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Liability of experts

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Americans under 40 vote at relatively low rates. They also lean to the left politically. The same goes for Latinos and Asian Americans.

This combination helped fuel a widely held belief that an increase in voter turnout would benefit Democrats. People ranging from Bernie sanders to President Trump made this claim. Me too: “The real silent majority in the country prefers Democrats,” I wrote in 2017.

I now think that is at least partly wrong, and I want to explain it today.

First, a little background: Ten years ago journalist Dave Weigel – now a Washington Post reporter – introduced a concept he called expert liability. The idea was that journalists make a lot of analytical judgments and that sometimes we should review them to recognize what we have right and wrong. This is a sign of respect for the readers and may improve our work in the future.

Over the years, several journalists have picked up on Weigel’s idea, especially towards the end of the year. I do this with today’s newsletter.

I’ll start with the nicer side of the responsibility. Looking back, I feel good about articles explaining why Trump was unlikely to win re-election, why Democrats should hope Joe Biden would run for president, and why the United States would struggle to contain the coronavirus.

I don’t feel so good about largely canceling Biden after losing New Hampshire and Iowa and treating the 2020 polls with gullibility. The conducting wire: Politics is less predictable than we sometimes imagine. I’ll try to remember it better.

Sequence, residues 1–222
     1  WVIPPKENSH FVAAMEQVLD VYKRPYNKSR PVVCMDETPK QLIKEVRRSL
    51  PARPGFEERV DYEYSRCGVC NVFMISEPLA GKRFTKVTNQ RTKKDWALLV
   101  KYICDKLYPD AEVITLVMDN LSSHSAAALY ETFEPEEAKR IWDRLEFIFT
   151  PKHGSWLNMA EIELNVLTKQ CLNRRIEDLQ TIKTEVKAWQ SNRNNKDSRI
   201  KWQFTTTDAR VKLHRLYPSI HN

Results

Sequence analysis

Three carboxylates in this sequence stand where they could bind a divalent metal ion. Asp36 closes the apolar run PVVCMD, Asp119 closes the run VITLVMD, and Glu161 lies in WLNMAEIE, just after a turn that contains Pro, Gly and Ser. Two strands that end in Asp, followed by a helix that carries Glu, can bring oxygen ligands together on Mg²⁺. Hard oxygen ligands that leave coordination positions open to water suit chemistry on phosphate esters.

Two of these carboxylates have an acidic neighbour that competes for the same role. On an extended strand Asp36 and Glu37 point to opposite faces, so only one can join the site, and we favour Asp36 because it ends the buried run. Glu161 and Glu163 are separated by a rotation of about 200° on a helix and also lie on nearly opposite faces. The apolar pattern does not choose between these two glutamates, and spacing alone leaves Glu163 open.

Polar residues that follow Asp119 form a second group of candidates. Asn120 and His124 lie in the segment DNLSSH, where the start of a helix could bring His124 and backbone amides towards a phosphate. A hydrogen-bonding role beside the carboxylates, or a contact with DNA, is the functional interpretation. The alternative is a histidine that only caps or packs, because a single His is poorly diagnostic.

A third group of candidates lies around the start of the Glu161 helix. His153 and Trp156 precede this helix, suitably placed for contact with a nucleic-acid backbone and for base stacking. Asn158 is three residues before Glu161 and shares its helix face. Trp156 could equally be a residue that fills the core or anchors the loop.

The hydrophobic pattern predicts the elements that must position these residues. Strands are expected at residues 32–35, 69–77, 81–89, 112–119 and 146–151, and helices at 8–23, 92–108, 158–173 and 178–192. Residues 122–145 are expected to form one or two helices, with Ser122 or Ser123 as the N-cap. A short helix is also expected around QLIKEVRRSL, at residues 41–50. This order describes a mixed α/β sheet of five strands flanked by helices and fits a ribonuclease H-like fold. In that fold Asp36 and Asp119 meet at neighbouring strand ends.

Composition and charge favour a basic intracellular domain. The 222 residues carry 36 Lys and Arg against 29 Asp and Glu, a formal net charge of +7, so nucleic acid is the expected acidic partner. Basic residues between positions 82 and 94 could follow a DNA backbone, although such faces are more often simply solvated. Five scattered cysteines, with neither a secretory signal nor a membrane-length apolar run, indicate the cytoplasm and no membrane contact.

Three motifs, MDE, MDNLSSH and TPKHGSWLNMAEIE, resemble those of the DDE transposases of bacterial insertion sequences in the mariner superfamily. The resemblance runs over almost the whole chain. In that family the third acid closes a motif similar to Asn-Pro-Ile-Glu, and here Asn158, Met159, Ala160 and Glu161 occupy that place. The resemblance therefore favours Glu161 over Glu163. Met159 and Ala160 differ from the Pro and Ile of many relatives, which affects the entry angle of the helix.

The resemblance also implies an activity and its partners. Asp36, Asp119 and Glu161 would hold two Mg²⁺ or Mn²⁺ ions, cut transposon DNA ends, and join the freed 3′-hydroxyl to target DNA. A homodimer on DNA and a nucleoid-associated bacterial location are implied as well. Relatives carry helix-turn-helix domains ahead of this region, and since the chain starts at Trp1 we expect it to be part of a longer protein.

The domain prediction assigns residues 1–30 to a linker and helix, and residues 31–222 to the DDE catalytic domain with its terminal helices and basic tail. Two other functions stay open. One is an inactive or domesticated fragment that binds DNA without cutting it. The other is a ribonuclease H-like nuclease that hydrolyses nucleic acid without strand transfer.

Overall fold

This idea also helps explain misconceptions about voter turnout. In 2020, the turnout skyrocketed, but Democrats did worse than expected. Yes, they have defeated Trump, but they have failed to retake the Senate (as of yet) and have lost ground in the House and state legislatures.

How could that be, as large demographic groups with low participation rates – Millennials, Latinos and Asian-American – lean to the left?

Because infrequent voters in these groups are less liberal than frequent voters. “Latino non-voters, for example, seem to have a better opinion of Trump than Latino voters,” Yanna Krupnikov, a political scientist at Stony Brook University, told me. Overall, non-voters are roughly evenly split between skinny Democrats and Republicans, according to a recent Knight Foundation study.

Once you think about it, the template makes sense. It involves social class.

People who don’t vote (or who didn’t vote before 2020) are more likely to be working class – that is, not having a college degree – than reliable voters, a concluded Knight. And working-class Americans are more conservative on several big issues, including abortion, guns and immigration. They also trust institutions and elites less.